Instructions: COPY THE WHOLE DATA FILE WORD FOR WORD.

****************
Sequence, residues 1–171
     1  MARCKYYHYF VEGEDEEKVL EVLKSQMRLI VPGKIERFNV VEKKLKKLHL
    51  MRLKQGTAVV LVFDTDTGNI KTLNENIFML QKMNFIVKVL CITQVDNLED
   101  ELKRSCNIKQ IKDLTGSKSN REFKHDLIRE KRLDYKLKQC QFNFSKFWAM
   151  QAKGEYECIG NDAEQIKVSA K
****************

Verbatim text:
Sequence, residues 1–171
     1  MARCKYYHYF VEGEDEEKVL EVLKSQMRLI VPGKIERFNV VEKKLKKLHL
    51  MRLKQGTAVV LVFDTDTGNI KTLNENIFML QKMNFIVKVL CITQVDNLED
   101  ELKRSCNIKQ IKDLTGSKSN REFKHDLIRE KRLDYKLKQC QFNFSKFWAM
   151  QAKGEYECIG NDAEQIKVSA K